“Slovenliness is no part of Religion. Cleanliness is indeed close to Godliness,” wrote John Wesley in 1791. Wesley might have known a thing or two about Religion, but he clearly was no wildlife gardener.
Indeed, the pursuit of order and extreme tidiness in gardens is one of the primary factors contributing to a lack of wildlife in modern residential landscapes.
The mowing of grasses, the pruning of perennials, the raking of leaves, and replacement of mulches are all common but deadly gardening practices. For birds, butterflies, bees, and other animals these “clean up” activities quite literally mean death.
Fall is a time when gardeners seem to start feeling antsy, and start looking for something to do. One of the best things you can do in your garden in October and November is nothing: let it be, and enjoy watching it. Underneath those leaves are millions of little decomposing insects working hard to carry organic matter into your soil. Inside the stems of those perennials are dozens of species of caterpillars finding shelter from Winter’s drying winds. Grad a latte, sit, and watch.
If you must do something, then plant more trees and shrubs. While research shows that one of the worst things you can to to a wildlife garden is “tidy it up”, we also knows that one of the best things you can do to encourage wildlife in your garden is to offer a wide variety of woody plants of varying heights and a wide diversity of habitat types (e.g. compost heaps, log piles, leaf litter, long grasses).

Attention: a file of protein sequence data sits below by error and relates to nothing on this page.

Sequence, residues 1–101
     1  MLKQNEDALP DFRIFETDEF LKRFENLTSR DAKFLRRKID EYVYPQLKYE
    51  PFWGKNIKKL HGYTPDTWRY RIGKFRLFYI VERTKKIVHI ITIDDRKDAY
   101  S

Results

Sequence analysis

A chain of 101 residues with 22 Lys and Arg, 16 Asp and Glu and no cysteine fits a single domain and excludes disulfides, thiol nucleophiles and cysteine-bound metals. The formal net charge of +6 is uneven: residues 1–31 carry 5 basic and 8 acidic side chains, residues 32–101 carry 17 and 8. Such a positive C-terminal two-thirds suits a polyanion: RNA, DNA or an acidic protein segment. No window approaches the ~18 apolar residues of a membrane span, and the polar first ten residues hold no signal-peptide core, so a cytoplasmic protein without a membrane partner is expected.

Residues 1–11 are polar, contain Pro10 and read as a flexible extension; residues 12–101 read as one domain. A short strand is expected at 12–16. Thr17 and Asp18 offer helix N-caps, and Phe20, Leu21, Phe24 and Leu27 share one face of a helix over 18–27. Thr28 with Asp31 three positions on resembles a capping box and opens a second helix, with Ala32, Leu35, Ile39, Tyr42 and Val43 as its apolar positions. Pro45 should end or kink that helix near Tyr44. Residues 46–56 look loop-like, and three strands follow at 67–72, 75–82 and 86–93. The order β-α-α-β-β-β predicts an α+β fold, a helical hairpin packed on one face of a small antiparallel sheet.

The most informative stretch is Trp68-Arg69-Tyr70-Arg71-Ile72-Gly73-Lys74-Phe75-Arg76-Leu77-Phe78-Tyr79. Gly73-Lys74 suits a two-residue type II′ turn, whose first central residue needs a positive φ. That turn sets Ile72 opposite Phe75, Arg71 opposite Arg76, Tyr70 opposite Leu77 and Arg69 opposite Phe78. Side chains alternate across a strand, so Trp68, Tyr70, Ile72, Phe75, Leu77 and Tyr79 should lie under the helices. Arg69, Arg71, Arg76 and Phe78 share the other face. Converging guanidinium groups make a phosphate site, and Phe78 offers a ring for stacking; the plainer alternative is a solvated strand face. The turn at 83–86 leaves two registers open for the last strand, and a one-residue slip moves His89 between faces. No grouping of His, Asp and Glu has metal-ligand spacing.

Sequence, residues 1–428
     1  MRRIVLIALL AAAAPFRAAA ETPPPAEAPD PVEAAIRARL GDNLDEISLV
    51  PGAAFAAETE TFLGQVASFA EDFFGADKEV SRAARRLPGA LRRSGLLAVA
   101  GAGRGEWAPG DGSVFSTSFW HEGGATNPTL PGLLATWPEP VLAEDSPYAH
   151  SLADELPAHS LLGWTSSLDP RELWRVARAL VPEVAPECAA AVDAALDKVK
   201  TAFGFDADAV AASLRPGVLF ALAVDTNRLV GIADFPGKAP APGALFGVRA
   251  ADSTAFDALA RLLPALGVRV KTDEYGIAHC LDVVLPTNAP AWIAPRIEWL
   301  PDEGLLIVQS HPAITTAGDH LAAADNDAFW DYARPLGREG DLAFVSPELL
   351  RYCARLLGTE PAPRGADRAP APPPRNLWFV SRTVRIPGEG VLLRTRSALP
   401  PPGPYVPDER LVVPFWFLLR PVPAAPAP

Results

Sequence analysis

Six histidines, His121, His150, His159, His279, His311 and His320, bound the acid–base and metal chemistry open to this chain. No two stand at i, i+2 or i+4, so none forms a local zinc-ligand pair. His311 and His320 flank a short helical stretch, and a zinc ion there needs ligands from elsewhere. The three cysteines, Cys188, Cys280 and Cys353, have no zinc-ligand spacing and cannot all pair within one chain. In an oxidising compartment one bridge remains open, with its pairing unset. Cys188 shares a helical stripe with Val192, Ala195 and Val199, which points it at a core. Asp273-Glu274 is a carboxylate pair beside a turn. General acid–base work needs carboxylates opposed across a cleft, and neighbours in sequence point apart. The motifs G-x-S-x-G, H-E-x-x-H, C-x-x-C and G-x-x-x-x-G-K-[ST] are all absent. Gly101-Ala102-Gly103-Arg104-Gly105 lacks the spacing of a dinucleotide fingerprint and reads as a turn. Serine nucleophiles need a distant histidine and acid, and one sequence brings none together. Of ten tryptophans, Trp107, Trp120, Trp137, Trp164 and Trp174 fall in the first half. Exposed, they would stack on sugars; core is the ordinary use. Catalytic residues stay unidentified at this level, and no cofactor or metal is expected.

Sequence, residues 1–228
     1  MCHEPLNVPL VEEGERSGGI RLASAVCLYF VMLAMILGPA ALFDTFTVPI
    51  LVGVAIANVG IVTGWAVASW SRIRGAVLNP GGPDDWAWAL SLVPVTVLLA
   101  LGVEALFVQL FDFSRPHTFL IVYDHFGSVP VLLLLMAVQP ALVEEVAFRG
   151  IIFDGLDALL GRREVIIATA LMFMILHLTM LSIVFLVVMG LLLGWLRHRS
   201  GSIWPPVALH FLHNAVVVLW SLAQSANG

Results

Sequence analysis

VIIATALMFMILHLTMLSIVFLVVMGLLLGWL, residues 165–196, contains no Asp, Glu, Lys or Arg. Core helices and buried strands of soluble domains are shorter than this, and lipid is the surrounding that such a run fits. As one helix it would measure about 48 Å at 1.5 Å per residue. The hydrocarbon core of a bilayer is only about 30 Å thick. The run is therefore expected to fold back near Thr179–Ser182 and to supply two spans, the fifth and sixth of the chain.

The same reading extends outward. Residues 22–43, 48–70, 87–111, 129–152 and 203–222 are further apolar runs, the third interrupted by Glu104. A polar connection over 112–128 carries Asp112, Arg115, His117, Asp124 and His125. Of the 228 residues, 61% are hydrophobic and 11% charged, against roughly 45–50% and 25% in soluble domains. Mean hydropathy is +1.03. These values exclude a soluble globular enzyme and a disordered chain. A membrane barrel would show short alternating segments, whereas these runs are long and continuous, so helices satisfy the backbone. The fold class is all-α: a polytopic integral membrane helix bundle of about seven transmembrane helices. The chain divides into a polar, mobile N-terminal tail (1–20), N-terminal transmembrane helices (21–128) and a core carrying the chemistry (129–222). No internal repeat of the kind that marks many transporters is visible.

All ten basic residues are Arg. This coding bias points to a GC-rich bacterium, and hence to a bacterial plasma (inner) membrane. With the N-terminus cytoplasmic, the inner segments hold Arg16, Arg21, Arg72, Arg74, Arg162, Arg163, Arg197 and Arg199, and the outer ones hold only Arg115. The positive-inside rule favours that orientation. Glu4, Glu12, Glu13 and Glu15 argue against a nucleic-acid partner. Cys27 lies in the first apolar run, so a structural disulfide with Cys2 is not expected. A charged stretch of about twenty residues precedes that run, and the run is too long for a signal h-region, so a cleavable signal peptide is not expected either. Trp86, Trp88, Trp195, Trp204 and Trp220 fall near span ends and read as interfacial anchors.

And when you are looking for trees and flowers to plant, don’t exclude ones that unsay gardeners consider to be “messy.”
For example, the Unviversity of Tennessee agricultural extension service published a brochure called “Trees to Reconsider Before Planting“. It contains the following gem:
“As they mature, many trees produce seeds and fruits that may be a nuisance to homeowners. Nuts from hickories and walnut, acorns from oaks, sweetgum and sycamore balls are a few of the antagonists. Fleshy fruits from trees such as cherry and crabapple can also be messy and bothersome.”
Of course we know that it is precisely these “antagonists” which are some of the very best plants for wildlife.
Even trees that aren’t considered “messy” in the traditional sense (if they are considered at all) are excellent if untidy trees. Black gum (Nyssa sylvatica) is a beautiful shade tree, especially in fall when the leaves turn gloriously purple and scarlet. It’s branches, though, sometimes die young leaving decaying openings and a hollow trunk: perfect nesting spots for bees, owls, raccoons, and many other species.
The bottom line is this: when it comes to wildlife gardening, neat is often the enemy of good. A successful garden need not be out of control, but inviting a little of the unexpected will pay great dividends.